You Don't Know Us Negroes and Other Essays Summary and Reviews

You Don't Know Us Negroes and Other Essays

by Zora Neale Hurston

You Don't Know Us Negroes and Other Essays by Zora Neale Hurston X
You Don't Know Us Negroes and Other Essays by Zora Neale Hurston
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  • Publishes in USA 
    Jan 18, 2022
    464 pages
    Genre: Essays

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Book Summary

Spanning more than 35 years of work, the first comprehensive collection of essays, criticism, and articles by the legendary author of the Harlem Renaissance, Zora Neale Hurston, showcasing the evolution of her distinctive style as an archivist and author.

You Don't Know Us Negroes is the quintessential gathering of provocative essays from one of the world's most celebrated writers, Zora Neale Hurston. Spanning more than three decades and penned during the backdrop of the birth of the Harlem Renaissance, Montgomery bus boycott, desegregation of the military, and school integration, Hurston's writing articulates the beauty and authenticity of Black life as only she could. Collectively, these essays showcase the roles enslavement and Jim Crow have played in intensifying Black people's inner lives and culture rather than destroying it. She argues that in the process of surviving, Black people re-interpreted every aspect of American culture—"modif[ying] the language, mode of food preparation, practice of medicine, and most certainly religion." White supremacy prevents the world from seeing or completely recognizing Black people in their full humanity and Hurston made it her job to lift the veil and reveal the heart and soul of the race. These pages reflect Hurston as the controversial figure she was—someone who stated that feminism is a mirage and that the integration of schools did not necessarily improve the education of Black students. Also covered is the sensational trial of Ruby McCollum, a wealthy Black woman convicted in 1952 for killing her lover, a white doctor.

Demonstrating the breadth of this revered and influential writer's work, You Don't Know Us Negroes and Other Essays is an invaluable chronicle of a writer's development and a window into her world and mind.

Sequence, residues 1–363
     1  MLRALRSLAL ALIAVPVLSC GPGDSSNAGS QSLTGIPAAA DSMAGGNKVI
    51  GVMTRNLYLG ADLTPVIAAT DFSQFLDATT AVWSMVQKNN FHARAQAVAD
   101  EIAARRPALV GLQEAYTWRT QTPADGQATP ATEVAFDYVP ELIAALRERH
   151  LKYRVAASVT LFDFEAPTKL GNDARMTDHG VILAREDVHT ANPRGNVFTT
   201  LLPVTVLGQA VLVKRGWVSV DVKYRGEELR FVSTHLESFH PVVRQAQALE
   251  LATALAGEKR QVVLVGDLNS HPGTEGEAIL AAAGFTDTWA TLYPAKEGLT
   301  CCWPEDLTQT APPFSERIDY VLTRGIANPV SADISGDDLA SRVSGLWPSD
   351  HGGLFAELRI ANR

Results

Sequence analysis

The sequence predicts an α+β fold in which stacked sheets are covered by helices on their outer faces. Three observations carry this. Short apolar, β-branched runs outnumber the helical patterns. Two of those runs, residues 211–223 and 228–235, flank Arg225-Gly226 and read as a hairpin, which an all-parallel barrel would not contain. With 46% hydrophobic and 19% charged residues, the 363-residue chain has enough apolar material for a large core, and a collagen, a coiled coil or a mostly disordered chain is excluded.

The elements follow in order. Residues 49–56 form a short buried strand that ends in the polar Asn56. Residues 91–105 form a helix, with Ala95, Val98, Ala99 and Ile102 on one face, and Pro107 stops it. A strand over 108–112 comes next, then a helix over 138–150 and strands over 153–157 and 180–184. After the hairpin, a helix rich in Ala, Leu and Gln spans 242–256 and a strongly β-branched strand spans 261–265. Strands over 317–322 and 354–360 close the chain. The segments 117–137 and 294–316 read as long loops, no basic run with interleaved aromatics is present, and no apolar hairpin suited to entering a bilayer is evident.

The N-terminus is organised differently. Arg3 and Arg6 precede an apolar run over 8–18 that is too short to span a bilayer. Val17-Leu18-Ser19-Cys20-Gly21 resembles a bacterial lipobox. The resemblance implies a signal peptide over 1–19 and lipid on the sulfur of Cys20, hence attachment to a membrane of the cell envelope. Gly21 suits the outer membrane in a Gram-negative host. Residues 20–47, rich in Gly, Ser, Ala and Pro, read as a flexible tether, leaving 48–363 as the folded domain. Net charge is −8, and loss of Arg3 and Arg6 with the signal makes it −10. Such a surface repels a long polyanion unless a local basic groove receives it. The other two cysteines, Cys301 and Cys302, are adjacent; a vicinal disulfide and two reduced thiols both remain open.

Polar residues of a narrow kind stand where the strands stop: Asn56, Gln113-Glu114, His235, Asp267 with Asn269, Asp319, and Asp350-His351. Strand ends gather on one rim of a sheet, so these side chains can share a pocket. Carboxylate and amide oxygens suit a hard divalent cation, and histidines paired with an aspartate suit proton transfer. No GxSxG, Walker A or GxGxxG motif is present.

Introduction by New York Times bestselling author Henry Louis Gates Jr.

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"[A] showstopping collection...Whether reporting on the injustices of the criminal justice system, poking holes in the pomposity of Marcus Garvey, or drawing a character sketch of a Black Florida cattle rancher, Hurston's work stands out for its wit and range. This will delight her fans, and should garner her some new ones." - Publishers Weekly (starred review)

"[T]renchant, acerbic...Edited, introduced, and extensively annotated by scholars Gates and West, 50 essays written over nearly four decades showcase the uncompromising views of novelist, anthropologist, folklorist, and critic Zora Neale Hurston (1891-1960)...Vigorous writings from a controversial and important cultural critic." - Kirkus Reviews

"This volume enables readers both steeped in and new to Hurston to discover her acerbic wit, her crisp prose, and the breadth of her artistic ability and interests...an invaluable nonfiction companion to the collection of Hurston's short stories." - Booklist

This information about You Don't Know Us Negroes and Other Essays shown above was first featured in "The BookBrowse Review" - BookBrowse's membership magazine, and in our weekly "Publishing This Week" newsletter. In most cases, the reviews are necessarily limited to those that were available to us ahead of publication. If you are the publisher or author and feel that the reviews shown do not properly reflect the range of media opinion now available, please send us a message with the mainstream media reviews that you would like to see added.

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Author Information

Zora Neale Hurston

Zora Neale Hurston was a novelist, folklorist, and anthropologist. An author of four novels (Jonah's Gourd Vine, 1934; Their Eyes Were Watching God, 1937; Moses, Man of the Mountain, 1939; and Seraph on the Suwanee, 1948); two books of folklore (Mules and Men, 1935, and Tell My Horse, 1938); an autobiography (Dust Tracks on a Road, 1942); and over fifty short stories, essays, and plays. She attended Howard University, Barnard College and Columbia University, and was a graduate of Barnard College in 1927. She was born on January 7, 1891, in Notasulga, Alabama, and grew up in Eatonville, Florida. She died in Fort Pierce, in 1960. In 1973, Alice Walker had a headstone placed at her gravesite with this epitaph: "Zora Neale Hurston: A Genius of the South."

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